Psychiatric classification systems like DSM-IV and ICD-10 are based on the presence/absence of diagnostic criteria. When structured interviews are used, the patients are asked for the presence or absence of such criteria by an interviewer, while when the GAS-Q and the DSQ are used, the patients themselves respond to the same criteria posed as items in a questionnaire. In our study, the diagnostic references were defined by the patients' responses to the GAS-Q and the DSQ.

The GP rated questionnaires

The GPs gave information on their demographics, self-perceived recognition ability, and routine management of GAD and MDE, and they were allowed to use all accumulated information about their patients when doing their ratings.

GP's opinions on patients' severity of disorder

The Clinical Global Impression-Severity Scale (CGI-S). The GPs identified and rated cases of GAD and/or MDE on the CGI-S, which is a standardized assessment tool widely used as an outcome measure in psychiatric research [20]. The CGI-S had the following wording: "In your clinical judgement how severely does this patient suffer from MDE/GAD?" The ratings of the CGI-S are: 1 = not ill at all, 2 = a borderline case, 3 = only mildly ill, 4 = moderately ill, 5 = seriously ill and 6 = extremely seriously ill.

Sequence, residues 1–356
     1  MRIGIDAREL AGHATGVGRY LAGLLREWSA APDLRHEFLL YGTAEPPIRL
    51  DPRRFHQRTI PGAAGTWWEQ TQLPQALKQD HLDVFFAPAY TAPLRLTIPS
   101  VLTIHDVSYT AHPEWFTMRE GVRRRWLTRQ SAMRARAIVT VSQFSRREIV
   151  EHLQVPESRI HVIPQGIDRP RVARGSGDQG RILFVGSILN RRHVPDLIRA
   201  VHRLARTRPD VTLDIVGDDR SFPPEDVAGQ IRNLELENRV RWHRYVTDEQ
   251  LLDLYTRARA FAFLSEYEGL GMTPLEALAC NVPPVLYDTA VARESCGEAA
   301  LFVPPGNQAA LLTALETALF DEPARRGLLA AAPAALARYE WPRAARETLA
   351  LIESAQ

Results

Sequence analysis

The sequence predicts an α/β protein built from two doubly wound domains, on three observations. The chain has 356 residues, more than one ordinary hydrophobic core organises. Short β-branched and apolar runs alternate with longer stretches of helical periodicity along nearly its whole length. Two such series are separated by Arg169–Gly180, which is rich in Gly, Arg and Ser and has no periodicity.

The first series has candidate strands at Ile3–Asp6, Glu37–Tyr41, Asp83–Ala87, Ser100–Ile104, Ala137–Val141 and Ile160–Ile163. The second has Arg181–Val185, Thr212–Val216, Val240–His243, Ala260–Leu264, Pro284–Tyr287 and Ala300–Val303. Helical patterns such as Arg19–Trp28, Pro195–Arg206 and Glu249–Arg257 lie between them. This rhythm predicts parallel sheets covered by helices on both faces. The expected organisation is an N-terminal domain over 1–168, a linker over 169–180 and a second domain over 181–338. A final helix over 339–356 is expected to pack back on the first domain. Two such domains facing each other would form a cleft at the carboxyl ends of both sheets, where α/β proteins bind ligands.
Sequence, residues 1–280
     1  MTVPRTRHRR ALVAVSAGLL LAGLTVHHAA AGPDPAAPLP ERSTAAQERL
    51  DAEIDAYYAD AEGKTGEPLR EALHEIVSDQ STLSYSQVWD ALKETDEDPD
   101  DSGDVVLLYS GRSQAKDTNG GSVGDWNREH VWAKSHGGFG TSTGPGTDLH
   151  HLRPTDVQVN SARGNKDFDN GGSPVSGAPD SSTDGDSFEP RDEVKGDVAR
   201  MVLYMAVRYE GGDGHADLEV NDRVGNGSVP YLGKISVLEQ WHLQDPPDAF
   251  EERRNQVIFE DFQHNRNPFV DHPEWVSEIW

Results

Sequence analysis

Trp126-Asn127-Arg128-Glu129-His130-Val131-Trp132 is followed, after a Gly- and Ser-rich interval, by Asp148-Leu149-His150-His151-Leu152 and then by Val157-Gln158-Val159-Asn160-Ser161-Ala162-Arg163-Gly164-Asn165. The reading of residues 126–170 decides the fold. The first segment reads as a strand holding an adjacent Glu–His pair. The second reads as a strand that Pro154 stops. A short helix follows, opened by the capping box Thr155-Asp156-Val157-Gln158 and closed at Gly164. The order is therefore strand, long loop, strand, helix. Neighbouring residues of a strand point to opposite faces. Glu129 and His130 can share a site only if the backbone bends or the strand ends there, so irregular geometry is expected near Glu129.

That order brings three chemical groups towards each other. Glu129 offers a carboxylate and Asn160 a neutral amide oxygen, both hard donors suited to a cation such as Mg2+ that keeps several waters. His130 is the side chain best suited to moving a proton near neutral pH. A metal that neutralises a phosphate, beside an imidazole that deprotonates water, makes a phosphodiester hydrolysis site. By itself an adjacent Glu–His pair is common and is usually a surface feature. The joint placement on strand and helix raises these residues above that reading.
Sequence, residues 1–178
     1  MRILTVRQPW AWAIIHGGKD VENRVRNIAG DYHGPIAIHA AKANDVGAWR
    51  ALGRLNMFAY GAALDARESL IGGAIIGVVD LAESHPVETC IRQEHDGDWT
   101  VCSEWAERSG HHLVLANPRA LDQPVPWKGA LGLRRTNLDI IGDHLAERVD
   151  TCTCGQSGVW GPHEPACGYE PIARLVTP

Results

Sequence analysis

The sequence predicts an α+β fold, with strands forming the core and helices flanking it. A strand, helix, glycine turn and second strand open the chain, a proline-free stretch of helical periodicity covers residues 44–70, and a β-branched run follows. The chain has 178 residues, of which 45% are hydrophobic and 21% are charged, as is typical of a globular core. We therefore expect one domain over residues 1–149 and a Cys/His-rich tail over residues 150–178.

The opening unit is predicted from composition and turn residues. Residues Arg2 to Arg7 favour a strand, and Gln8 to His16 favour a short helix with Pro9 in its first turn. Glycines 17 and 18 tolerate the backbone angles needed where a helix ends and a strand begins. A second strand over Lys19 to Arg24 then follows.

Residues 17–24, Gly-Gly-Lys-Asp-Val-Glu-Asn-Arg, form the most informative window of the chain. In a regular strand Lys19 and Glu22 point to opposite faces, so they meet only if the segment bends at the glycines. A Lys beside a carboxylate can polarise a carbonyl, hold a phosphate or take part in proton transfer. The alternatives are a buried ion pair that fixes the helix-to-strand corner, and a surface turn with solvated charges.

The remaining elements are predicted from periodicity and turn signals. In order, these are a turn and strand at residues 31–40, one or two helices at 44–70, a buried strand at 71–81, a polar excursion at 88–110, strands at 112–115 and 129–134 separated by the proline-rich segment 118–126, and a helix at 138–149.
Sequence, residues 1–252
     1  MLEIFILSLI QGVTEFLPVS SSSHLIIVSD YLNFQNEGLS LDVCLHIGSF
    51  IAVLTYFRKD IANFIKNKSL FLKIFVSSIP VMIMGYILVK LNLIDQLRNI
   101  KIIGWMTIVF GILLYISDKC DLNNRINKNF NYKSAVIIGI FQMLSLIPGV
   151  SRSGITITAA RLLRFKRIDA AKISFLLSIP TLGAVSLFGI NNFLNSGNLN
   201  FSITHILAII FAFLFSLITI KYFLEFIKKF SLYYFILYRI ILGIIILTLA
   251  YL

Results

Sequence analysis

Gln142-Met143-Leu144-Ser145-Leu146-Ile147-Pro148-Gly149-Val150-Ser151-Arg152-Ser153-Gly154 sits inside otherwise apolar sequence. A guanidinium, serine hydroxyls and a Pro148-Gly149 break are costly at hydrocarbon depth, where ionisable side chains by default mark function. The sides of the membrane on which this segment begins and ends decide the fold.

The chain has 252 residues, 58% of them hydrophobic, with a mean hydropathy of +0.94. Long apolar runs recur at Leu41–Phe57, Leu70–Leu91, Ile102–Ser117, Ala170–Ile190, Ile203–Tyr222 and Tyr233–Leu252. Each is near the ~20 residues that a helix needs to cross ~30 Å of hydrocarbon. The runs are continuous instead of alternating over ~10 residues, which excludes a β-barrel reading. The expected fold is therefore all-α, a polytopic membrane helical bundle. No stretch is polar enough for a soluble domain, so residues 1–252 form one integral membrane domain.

GPs' opinions on self- perceived recognition abilities

Each GP rated their self-perceived ability to recognize MDE and GAD by answering the question: "What are your self-assessed competences concerning recognition of MDE and GAD?" The GPs' responses were given separately for MDE and GAD on a four-point Likert scale (1 = bad, 2 = rather bad, 3 = moderate, 4 = rather good).

The observed ability to recognize severity

The observed ability to recognize severity for a GP was operationalized as the mean correlation coefficient between the CGI-S score and the diagnostic reference standard (as measured with GAS-Q and DSQ) on each of his patients. The CGI-S represents GPs' opinion of the severity of the patients' MDE or GAD. The GAS-Q and the DSQ measure the patients' experience of the severity of their disorder. The observed ability to recognize is the mean of all correlation coefficients and was calculated for each GP separately. A correlation coefficient around zero indicates low recognition ability, whereas a correlation coefficient near to 1 is optimal. The observed recognition ability was included as a continuous measure in the analyses of the association to perceived ability, and was computed separately for GAD and MDE.

Statistical analyses